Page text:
My dad often said that nothing is so bad that it couldn’t be worse. This used to annoy me, him making light of my troubles.
But of course he was right. None of my problems could compare with difficulties of his hardscrabble boyhood in the 1930s.
I’ve thought about hard times a lot since the outbreak of coronavirus. Maybe it’s because “pandemic” sounds so much like “panic.” The prediction of as many as 1.7 million deaths sounds unprecedented until I consider history.
HIV/AIDS that peaked about 15 years ago has claimed an estimated 32 million people worldwide, according to the World Health Organization.
The Hong Kong flu epidemic of 1968 claimed 1 million victims. The virus, spread by returning troops from Vietnam, sickened tens of thousands. I was one of them with a “mild” case. I missed a week of eighth grade. Everything ached but my hair.
The Asian flu that emerged in 1956 kept going for two years. Two million people died worldwide. I’m glad I didn’t get it. I was busy catching German measles, chicken pox and Scarlatina.
I do recall the aftermath of the dreaded polio epidemic of the 1950s — the children who walked with limps and crutches, the farmhouse with a ramp for a young man confined to a wheelchair.
I was one of the lucky ones, born late enough to receive polio shots. Yes shots, not sugar cubes. Those came later. I’m sure the Salk vaccine was as eagerly anticipated as the coronavirus vaccine is today. Scientists are working furiously, to be sure.
It feels eerie to see so few people on the road, unsettling to hear news of the coming dread, not know how long it will take to burn itself out.
But I remind myself that things could be worse. I think of books I’ve read about calamity and disease, because I love survival stories. These are not joyful books, but they do put things in perspective.
“The Great Influenza: The Story of the Deadliest Pandemic in History,” by John Barry. The dreaded Spanish flu of 1918 killed an estimated 50 million people, many of them young and in the prime of their life. One-fifth of the world’s population fell ill, according to archives.gov. Within months, this pandemic had claimed more people than any other illness in recorded history. Two of them were my great-grandmothers.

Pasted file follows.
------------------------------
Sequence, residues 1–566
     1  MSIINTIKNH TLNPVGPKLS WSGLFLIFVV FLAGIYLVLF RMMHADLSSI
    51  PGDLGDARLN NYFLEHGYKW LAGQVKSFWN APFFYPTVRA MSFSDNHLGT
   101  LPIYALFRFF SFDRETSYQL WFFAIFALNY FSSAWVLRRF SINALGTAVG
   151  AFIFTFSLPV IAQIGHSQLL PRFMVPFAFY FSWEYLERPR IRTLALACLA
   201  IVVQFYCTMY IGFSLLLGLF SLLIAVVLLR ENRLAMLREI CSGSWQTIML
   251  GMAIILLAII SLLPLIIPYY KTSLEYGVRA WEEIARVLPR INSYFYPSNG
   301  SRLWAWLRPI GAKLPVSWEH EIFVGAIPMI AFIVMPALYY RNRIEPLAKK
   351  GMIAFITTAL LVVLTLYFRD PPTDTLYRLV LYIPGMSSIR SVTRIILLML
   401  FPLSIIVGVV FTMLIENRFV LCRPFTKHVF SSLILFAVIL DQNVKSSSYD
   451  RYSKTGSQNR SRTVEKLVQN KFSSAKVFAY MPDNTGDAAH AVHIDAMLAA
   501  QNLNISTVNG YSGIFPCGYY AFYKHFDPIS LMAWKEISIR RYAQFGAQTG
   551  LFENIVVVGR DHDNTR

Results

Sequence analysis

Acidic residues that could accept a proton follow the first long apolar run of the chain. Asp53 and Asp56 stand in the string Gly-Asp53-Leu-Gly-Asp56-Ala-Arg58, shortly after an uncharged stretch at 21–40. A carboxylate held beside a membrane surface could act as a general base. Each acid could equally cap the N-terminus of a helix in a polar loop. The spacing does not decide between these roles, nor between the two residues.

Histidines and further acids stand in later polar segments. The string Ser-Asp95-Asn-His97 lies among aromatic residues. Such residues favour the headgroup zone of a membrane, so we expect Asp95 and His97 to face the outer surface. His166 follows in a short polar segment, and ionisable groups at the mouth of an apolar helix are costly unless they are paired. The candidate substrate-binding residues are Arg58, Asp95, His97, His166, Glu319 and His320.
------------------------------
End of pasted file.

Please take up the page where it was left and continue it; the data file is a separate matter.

“The Ghost Map: The Story of London’s Most Terrifying Epidemic--and How It Changed Science, Cities, and the Modern World” by Steven Johnson. This compelling history focuses on the 1854 cholera outbreak in London and how a doctor and a minister teamed to discover the culprit: a contaminated well in an overcrowded neighborhood. Until then, people thought bad air caused disease, not germs or bad water.
“Year of Wonders: The Novel of the Plague” by Geraldine Brooks. A tale of the terror involving a 17th-century English village that isolates itself to stop the spread of the plague. It’s based on fact. The bubonic plague of 1665-66 killed an estimated 100,000 Londoners — nearly a quarter of the population.
But pestilence hasn’t been the only adversity. Natural disasters have taken their toll too. I’ve read:
“The Little Ice Age: How Climate Made History 1350-1850” by Brian M. Fagan. A scan of the results of climate change from the late Middle Ages to the 19th century, including the incredible Year of No Summer, 1816, that brought crop failures and economic disaster to communities across the Northern Hemisphere.
“The Worst Hard Time: The Untold Story of Those Who Survived the Great American Dust Bowl” by Timothy Egan. Don’t ask me how anyone lived through this environmental disaster. Thanks to poor farm practices and extended drought, dust blew from Kansas to coat ships at sea off the Atlantic Coast. Oh, and all this happened during the Great Depression.
“The San Francisco Earthquake” by Gordon Thomas and Max Morgan Witts. I read this detailed account of destruction and fire the night before Sept. 11, 2001. I went to bed thinking of one disaster and woke up to realize another.
Once the coronavirus subsides, we will have our own survival stories to tell. Even though things look bleak, we will endure. The world will keep on turning.
Tammy Wilson is a writer who
lives near Newton. Contact her
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